سرمایه گذاری غیرقابل برگشت، اختیارات مدیریتی و ساختار بهینه سرمایه
|کد مقاله||سال انتشار||مقاله انگلیسی||ترجمه فارسی||تعداد کلمات|
|9960||2009||10 صفحه PDF||سفارش دهید||محاسبه نشده|
Publisher : Elsevier - Science Direct (الزویر - ساینس دایرکت)
Journal : Journal of Banking & Finance, Volume 33, Issue 4, April 2009, Pages 709–718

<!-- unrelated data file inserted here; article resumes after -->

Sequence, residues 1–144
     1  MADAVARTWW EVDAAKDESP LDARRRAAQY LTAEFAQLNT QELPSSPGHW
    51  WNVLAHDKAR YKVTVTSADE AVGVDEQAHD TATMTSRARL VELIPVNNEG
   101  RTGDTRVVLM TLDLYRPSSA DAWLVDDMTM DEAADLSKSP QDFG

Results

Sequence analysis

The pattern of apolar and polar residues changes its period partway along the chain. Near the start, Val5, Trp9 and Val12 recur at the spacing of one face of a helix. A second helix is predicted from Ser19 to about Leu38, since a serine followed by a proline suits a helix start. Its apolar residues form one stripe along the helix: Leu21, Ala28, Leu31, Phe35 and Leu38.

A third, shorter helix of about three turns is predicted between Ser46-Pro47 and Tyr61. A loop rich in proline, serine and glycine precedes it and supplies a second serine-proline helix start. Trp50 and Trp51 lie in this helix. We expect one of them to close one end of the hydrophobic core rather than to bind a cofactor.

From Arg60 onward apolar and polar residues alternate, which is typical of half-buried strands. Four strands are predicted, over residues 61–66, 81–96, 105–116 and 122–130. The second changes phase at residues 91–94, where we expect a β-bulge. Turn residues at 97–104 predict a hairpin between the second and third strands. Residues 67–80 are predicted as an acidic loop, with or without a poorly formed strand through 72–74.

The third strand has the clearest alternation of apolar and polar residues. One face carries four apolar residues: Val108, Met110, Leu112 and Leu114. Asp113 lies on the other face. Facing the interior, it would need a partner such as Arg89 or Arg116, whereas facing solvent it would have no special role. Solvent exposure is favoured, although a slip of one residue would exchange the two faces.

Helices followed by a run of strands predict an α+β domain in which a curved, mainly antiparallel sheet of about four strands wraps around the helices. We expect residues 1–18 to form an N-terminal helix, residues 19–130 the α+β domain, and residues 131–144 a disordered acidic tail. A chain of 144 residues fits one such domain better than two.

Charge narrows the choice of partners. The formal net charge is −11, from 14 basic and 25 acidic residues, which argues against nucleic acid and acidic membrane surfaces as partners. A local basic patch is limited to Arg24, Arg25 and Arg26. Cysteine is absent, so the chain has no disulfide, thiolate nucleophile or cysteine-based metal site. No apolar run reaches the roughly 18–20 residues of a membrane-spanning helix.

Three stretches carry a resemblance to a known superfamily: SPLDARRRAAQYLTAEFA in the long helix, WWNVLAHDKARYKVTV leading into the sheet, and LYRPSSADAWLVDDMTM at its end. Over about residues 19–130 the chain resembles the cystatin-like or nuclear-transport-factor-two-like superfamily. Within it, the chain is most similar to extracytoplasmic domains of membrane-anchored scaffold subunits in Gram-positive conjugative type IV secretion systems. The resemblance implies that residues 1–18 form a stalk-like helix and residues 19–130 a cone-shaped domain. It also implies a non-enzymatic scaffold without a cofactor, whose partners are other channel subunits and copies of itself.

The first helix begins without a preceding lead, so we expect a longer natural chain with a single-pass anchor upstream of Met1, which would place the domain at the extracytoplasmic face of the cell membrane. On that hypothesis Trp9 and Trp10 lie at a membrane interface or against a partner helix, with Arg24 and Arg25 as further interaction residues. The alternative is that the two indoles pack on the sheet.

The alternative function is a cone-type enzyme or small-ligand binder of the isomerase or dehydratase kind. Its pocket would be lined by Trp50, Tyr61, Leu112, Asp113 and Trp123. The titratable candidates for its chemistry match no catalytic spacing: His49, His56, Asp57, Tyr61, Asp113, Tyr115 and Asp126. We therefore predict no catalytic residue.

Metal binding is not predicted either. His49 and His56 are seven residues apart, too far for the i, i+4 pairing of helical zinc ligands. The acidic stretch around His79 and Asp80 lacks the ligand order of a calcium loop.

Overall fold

We explore the significance of employee compensation and alternative (reservation) income on investment timing, endogenous default, yield spreads and capital structure. In a real-options setting, a manager’s incentive to under(over)invest in a project is associated to labor income he has to forego in order to work on the project, the manager’s salary, his stake on the project’s equity capital and his subsequent income, should he decide to terminate operations. We find that the optimal level of coupon payments decreases with managerial salary and ownership stake while it is increasing in the manager’s reservation income. Yield spreads (optimal leverage ratios) are increasing (decreasing) in the manager’s salary and ownership stake, while they are decreasing (increasing) in the manager’s reservation income. Exploring agency costs of debt as deviations from a value-maximizing investment policy, we document a U-shaped relationship between agency costs of debt and the managerial compensation parameters: the manager’s reservation income, salary and ownership share.